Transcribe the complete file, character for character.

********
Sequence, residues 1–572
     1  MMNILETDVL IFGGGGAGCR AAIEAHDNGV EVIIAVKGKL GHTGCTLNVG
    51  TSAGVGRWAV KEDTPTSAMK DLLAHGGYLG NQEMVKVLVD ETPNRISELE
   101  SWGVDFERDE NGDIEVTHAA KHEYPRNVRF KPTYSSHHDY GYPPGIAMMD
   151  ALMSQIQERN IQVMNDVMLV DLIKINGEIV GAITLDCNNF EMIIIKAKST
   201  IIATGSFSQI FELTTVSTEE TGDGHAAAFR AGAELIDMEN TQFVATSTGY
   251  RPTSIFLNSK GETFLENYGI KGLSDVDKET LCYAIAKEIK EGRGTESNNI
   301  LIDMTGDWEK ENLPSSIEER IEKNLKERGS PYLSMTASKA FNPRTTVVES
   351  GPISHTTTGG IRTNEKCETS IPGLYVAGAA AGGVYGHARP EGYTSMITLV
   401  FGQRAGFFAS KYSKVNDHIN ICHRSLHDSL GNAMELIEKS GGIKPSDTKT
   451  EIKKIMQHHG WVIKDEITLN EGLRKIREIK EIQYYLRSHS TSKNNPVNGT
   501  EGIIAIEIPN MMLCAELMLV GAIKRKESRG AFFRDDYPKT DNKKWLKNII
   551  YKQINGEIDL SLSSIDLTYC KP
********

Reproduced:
Sequence, residues 1–572
     1  MMNILETDVL IFGGGGAGCR AAIEAHDNGV EVIIAVKGKL GHTGCTLNVG
    51  TSAGVGRWAV KEDTPTSAMK DLLAHGGYLG NQEMVKVLVD ETPNRISELE
   101  SWGVDFERDE NGDIEVTHAA KHEYPRNVRF KPTYSSHHDY GYPPGIAMMD
   151  ALMSQIQERN IQVMNDVMLV DLIKINGEIV GAITLDCNNF EMIIIKAKST
   201  IIATGSFSQI FELTTVSTEE TGDGHAAAFR AGAELIDMEN TQFVATSTGY
   251  RPTSIFLNSK GETFLENYGI KGLSDVDKET LCYAIAKEIK EGRGTESNNI
   301  LIDMTGDWEK ENLPSSIEER IEKNLKERGS PYLSMTASKA FNPRTTVVES
   351  GPISHTTTGG IRTNEKCETS IPGLYVAGAA AGGVYGHARP EGYTSMITLV
   401  FGQRAGFFAS KYSKVNDHIN ICHRSLHDSL GNAMELIEKS GGIKPSDTKT
   451  EIKKIMQHHG WVIKDEITLN EGLRKIREIK EIQYYLRSHS TSKNNPVNGT
   501  EGIIAIEIPN MMLCAELMLV GAIKRKESRG AFFRDDYPKT DNKKWLKNII
   551  YKQINGEIDL SLSSIDLTYC KP